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NZ Rugby Club Considers Name Change After Christchurch

  • The team’s current badge features a sword-wielding knight with a cross on his chest in the style of a medieval Crusader
  • The Crusades were a series of religious wars sanctioned by the Latin church between Christians and Muslims during the medieval period 
  • Terrorist Brenton Harrison Tarrant made references to the Crusades in his manifesto and printed the names of Crusader military leaders on the weapons he used in the attack.

The Christchurch-based Super Rugby club, the Crusaders, has confirmed it was considering name and imagery change in the coming season in the wake of terrorist attacks on two mosques, The Guardian reported.

“This is an event that rocked our community and brought some important issues to the fore,” Crusaders CEO Colin Mansbridge said.

“One of the contentious issues that have been brought up in the aftermath of the Christchurch attacks is the name of our rugby team – the Crusaders.

“Because of our desire to be the best we can be and to support our community, we are treating the question around the appropriateness of our brand extremely seriously. We are committed to undertaking a thorough process, taking into account all relevant opinions and, most importantly, we are committed to doing the right thing.”

Terrorist Brenton Harrison Tarrant killed 50 Muslim worshippers in March 15 attacks as he targeted Al Noor and Linwood mosques.

After the attacks, the club said they were hiring an independent company to research a new name and imagery from next season.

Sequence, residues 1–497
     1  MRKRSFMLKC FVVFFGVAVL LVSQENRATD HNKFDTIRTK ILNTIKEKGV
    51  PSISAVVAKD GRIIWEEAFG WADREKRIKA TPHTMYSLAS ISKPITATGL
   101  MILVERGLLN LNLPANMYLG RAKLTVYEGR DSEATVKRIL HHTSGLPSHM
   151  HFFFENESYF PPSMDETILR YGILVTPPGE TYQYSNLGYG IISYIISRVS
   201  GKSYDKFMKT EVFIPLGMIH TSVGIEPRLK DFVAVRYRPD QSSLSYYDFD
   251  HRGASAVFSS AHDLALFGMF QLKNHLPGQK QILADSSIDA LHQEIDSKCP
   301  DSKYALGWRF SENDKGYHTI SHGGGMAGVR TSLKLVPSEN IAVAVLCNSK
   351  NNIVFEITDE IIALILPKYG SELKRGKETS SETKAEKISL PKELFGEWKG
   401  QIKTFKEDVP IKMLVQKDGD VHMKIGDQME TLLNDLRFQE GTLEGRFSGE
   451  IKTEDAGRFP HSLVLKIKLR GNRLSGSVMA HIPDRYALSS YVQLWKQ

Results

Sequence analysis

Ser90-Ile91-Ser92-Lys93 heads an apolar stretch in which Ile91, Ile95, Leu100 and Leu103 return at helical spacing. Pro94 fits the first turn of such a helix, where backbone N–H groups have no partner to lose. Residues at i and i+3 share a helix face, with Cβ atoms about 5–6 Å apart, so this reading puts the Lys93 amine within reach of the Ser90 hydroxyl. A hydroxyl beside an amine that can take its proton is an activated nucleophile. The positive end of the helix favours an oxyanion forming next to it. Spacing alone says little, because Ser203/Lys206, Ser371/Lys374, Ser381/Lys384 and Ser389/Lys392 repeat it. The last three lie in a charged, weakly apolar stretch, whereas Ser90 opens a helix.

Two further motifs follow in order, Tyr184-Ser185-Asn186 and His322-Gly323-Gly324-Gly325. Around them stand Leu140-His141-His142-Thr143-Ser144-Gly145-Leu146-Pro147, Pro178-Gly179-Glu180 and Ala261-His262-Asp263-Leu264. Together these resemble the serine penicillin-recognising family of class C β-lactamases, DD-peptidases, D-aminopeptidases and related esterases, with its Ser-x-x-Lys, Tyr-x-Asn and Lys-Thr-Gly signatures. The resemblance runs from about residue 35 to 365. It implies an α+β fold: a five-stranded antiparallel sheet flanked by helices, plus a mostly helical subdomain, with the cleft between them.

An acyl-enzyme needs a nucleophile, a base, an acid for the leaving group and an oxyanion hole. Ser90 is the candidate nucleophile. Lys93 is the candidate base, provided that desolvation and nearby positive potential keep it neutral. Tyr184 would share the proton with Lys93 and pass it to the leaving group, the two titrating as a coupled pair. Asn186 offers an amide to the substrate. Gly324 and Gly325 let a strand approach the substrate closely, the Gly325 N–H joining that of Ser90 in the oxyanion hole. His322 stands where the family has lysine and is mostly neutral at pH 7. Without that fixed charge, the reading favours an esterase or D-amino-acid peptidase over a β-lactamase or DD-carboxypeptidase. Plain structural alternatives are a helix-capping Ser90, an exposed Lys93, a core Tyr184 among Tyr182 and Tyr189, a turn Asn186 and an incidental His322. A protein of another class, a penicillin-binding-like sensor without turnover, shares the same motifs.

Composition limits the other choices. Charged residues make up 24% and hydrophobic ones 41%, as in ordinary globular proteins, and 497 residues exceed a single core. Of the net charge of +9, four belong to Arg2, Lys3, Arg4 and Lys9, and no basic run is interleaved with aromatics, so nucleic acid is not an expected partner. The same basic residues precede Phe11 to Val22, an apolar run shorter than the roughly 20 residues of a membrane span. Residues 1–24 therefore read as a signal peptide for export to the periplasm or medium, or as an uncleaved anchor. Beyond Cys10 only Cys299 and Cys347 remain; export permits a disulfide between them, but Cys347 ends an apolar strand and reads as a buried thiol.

The current name, the Crusaders, hints to a series of religious wars sanctioned by the Latin Church in the medieval period against the Muslim world.

The team’s current badge features a sword-wielding knight with a cross on his chest in the style of a medieval Crusader.

“Maintaining the status quo in terms of the Crusaders name along with the current imagery of knights on horseback is, in our view, no longer tenable because of the association with the religious Crusades that has now been drawn,” New Zealand Rugby CEO Steve Tew said.

“That is therefore not one of the options that we will be considering.”

Multiple women, including Prime Minister Jacinda Ardern, covered up their heads in the wake of the shooting.

New Zealand has come together to support Muslims over the past weeks.

On Friday, March 29, around 25,000 gathered at North Hagley Park, a few meters away from Al Noor Mosque, a scene of the terrorist attacks.

A week earlier, the whole nation supported the Muslim community by airing on national TV adhan and Jum`ah prayer for the first time.

Nationwide ceremonies moreover saw poignant scenes of Kiwis embracing Muslims, and of non-Muslim New Zealand women donning makeshift Islamic headscarves in solidarity.

Many groups also called on women to don the hijab for one day to show solidarity with the Muslim community, especially women.

In the rugby world, many teams and players also expressed solidarity and support.

On March 28, four Manly Sea Eagles players paid an emotional visit to one of the mosques which were the scene of a terrorist shooting in Christchurch.

Earlier, the All Blacks rugby player Ofa Tu’ungafasi accepted Islam following a visit with his Muslim teammate Sonny Bill Williams over the weekend to the survivors of Christchurch mosque terrorist attack.


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